It can be a difficult road to fame and fortune. Though he would probably be quick to divert attention away from this truth with characteristic self-deprecation, Spencer Bates surely knows this. Spencer is a solo artist in the most literal sense. He is a singer-songwriter who regularly plays alone, relying upon only his voice and his piano. He also is entirely self-taught. Having said that, music and performance have never been far from his grasp. Spencer devoted much of his time as a teenager to musical theater, where directors were quick to take advantage of his surprising vocal range. During those early years his primary artistic focus was film, which he began studying formally upon entering college.
But the drive to perform loomed large. Inspired by a one-time performance at the end of high school, in which faculty and student musicians alike backed him on renditions of classic pop tunes, Spencer began spending every free hour at the piano, an instrument that he had previously never played. As it happened, he had a natural ability to learn the instrument that matched his innate vocal gift. Some might interpret Spencer's lack of formal training as a handicap. But, to the contrary, it's one of his greatest assets: his melodies are clear, direct, and indelible - refreshingly devoid of any overstudied pretense.
Spencer's first recordings of original music, the full-length Everybody has a Song and the Back to School EP, captured a performer and songwriter still finding his voice. Though saturated with his strong sense for melody, they featured songs that only hinted at his potential. Mostly, they contained fairly straightforward love songs. At this point, as Spencer's piano playing has evolved, so too has his approach to his art: "I prefer writing songs that are more interpretable."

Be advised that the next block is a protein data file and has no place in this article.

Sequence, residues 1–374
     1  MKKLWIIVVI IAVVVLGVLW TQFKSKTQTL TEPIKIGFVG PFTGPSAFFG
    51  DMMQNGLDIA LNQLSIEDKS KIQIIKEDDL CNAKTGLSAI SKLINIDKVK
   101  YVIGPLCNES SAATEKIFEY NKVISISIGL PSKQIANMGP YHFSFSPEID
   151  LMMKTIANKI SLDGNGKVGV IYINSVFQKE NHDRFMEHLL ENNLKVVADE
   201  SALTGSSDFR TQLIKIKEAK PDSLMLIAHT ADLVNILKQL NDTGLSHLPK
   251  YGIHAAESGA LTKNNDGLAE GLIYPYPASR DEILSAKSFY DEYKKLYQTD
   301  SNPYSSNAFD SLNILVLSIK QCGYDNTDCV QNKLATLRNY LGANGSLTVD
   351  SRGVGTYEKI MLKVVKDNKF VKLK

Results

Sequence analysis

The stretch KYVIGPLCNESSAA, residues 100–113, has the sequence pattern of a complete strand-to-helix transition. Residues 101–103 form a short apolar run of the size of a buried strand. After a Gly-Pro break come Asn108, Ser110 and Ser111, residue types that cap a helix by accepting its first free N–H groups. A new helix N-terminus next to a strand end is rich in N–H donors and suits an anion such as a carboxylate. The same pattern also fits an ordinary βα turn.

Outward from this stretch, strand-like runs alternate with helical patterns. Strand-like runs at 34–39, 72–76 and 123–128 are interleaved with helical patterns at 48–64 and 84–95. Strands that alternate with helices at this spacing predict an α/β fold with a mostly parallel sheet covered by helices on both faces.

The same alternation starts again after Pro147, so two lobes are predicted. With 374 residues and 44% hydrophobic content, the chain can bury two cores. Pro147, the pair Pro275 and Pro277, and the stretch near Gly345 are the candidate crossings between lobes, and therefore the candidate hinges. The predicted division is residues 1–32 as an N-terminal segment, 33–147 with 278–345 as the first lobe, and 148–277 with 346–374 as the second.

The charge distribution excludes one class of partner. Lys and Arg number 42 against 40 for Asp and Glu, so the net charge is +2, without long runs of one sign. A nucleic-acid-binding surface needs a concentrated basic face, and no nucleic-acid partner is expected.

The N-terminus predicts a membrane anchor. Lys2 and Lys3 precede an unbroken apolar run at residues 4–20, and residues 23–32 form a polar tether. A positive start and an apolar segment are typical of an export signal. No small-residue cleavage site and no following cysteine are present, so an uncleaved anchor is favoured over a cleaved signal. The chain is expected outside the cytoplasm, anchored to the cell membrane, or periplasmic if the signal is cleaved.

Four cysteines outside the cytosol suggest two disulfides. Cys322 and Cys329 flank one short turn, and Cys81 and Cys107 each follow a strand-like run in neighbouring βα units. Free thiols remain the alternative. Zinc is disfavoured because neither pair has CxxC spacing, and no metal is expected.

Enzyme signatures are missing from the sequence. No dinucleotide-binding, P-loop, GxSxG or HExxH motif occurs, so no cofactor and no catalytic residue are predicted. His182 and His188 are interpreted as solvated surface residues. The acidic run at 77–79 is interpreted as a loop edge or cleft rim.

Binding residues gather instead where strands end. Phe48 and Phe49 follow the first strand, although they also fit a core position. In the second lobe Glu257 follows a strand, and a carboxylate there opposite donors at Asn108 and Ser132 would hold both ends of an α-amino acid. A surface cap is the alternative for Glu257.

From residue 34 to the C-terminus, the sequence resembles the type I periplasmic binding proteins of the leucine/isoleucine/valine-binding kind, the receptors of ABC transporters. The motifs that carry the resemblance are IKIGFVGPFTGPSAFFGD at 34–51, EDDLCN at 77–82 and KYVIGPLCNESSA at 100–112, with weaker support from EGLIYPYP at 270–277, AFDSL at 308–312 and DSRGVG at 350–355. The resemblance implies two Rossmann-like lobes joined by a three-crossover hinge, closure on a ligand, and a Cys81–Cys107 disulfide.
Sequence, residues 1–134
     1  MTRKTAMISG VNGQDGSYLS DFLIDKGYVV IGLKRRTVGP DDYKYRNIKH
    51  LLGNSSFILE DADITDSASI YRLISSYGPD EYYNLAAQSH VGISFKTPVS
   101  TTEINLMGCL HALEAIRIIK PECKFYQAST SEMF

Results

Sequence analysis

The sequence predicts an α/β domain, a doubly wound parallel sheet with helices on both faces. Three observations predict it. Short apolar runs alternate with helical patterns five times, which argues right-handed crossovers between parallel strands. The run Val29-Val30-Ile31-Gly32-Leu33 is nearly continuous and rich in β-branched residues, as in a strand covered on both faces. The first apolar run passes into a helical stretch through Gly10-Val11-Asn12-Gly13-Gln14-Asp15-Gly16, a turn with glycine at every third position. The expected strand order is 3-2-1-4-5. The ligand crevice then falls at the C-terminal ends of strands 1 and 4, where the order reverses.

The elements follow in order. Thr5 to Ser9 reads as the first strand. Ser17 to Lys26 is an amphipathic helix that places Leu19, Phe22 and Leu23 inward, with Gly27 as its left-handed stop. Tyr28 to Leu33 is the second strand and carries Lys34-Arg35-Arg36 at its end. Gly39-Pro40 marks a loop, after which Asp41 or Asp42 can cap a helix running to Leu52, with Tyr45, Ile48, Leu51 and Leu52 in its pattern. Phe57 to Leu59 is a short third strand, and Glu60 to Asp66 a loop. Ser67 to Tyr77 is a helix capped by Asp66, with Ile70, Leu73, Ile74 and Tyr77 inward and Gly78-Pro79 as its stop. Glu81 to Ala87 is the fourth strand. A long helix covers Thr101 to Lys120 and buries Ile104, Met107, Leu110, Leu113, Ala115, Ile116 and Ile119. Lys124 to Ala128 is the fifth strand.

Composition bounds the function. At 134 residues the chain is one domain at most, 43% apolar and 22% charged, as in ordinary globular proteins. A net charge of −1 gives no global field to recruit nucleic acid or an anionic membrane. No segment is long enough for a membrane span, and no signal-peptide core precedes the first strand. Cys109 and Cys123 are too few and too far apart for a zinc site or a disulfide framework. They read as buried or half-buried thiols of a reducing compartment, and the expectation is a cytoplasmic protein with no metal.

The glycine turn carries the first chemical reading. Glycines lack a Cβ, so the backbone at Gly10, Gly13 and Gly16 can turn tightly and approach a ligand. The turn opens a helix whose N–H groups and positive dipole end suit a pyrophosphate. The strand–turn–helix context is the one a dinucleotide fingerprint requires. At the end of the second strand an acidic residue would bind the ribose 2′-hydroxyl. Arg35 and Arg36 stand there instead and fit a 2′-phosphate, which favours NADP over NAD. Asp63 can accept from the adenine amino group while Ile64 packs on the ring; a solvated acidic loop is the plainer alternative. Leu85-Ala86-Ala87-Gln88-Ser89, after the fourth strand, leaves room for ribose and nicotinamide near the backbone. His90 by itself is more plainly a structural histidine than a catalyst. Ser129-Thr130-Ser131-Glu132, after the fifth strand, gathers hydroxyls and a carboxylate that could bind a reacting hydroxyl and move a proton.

Fortunately, this approach serves both Spencer and his listeners quite well. His new record, Goodnight Rosebud, is not only easily his best to date, but also a startlingly sophisticated step forward. The same knack for melody remains. However, this time Spencer has produced lyrics and arrangements that more than match his inherently catchy songs; they enhance them.
Gone are the straightforward tunes of puppy love and heartbreak - and in their place lie songs that tackle broader and in some cases - as in the triumphant "The Time Must Come" - more political issues. But Spencer chooses not to use his voice for any soapbox preaching. "I don't need to be overtly political. It wouldn't be constructive to alienate anyone." Nevertheless, the song lends itself to political interpretations; crucially, though, in keeping with the album's commitment to subtlety, it never hammers anything down your throat.
Rather, Spencer seems interested in questioning. Tellingly, the album opens with the line "Could it be I was mistaken?" In a way this calls back to his earlier work, where self-doubt and heartache - the domain of teenagers - reigned supreme. But the song, "Back of My Mind," also suggests maturity and reflection, while acknowledging that the trials of early adulthood are every bit as complicated and confusing as those of late adolescence. Musically, the song boasts a far fuller sound than any previous recordings, as strings and ringing guitar nicely complement Spencer's piano. The extent of this album's musical advances doesn't become fully apparent, however, until the third song, "Outside Looking Out."
After a subdued solo piano intro for the second track, "Outside Looking Out" quickly announces itself: over some of the album's most rhythmic piano playing, a low, guttural horn line sweeps in with all the fanfare of a '70s cop-show theme. In a way it harkens back to the sloppy, gritty days of early rock 'n' roll but, like all of Spencer's work, it remains defiantly pop (complete with layered background harmonies). It's the sort of arrangement that, sadly, modern pop music rarely uses. The horns continue throughout the song, crisply punctuating some of the album's most clever lyrics, which mock the frivolity of consumerist, mainstream culture.
One could easily see the song, with its references to "corporate sponsorship" and "status symbols," as a partial reaction to the music industry and Spencer as a man railing against it. But, for Spencer, the music industry brings its own benefits: specifically, top-notch musicians. "I approached Goodnight Rosebud as a collaborative effort. I wanted to feel part of a team. I wanted other people's stamp on it, so I encouraged other musicians' interpretations. Fortunately, I found myself surrounded by creative people."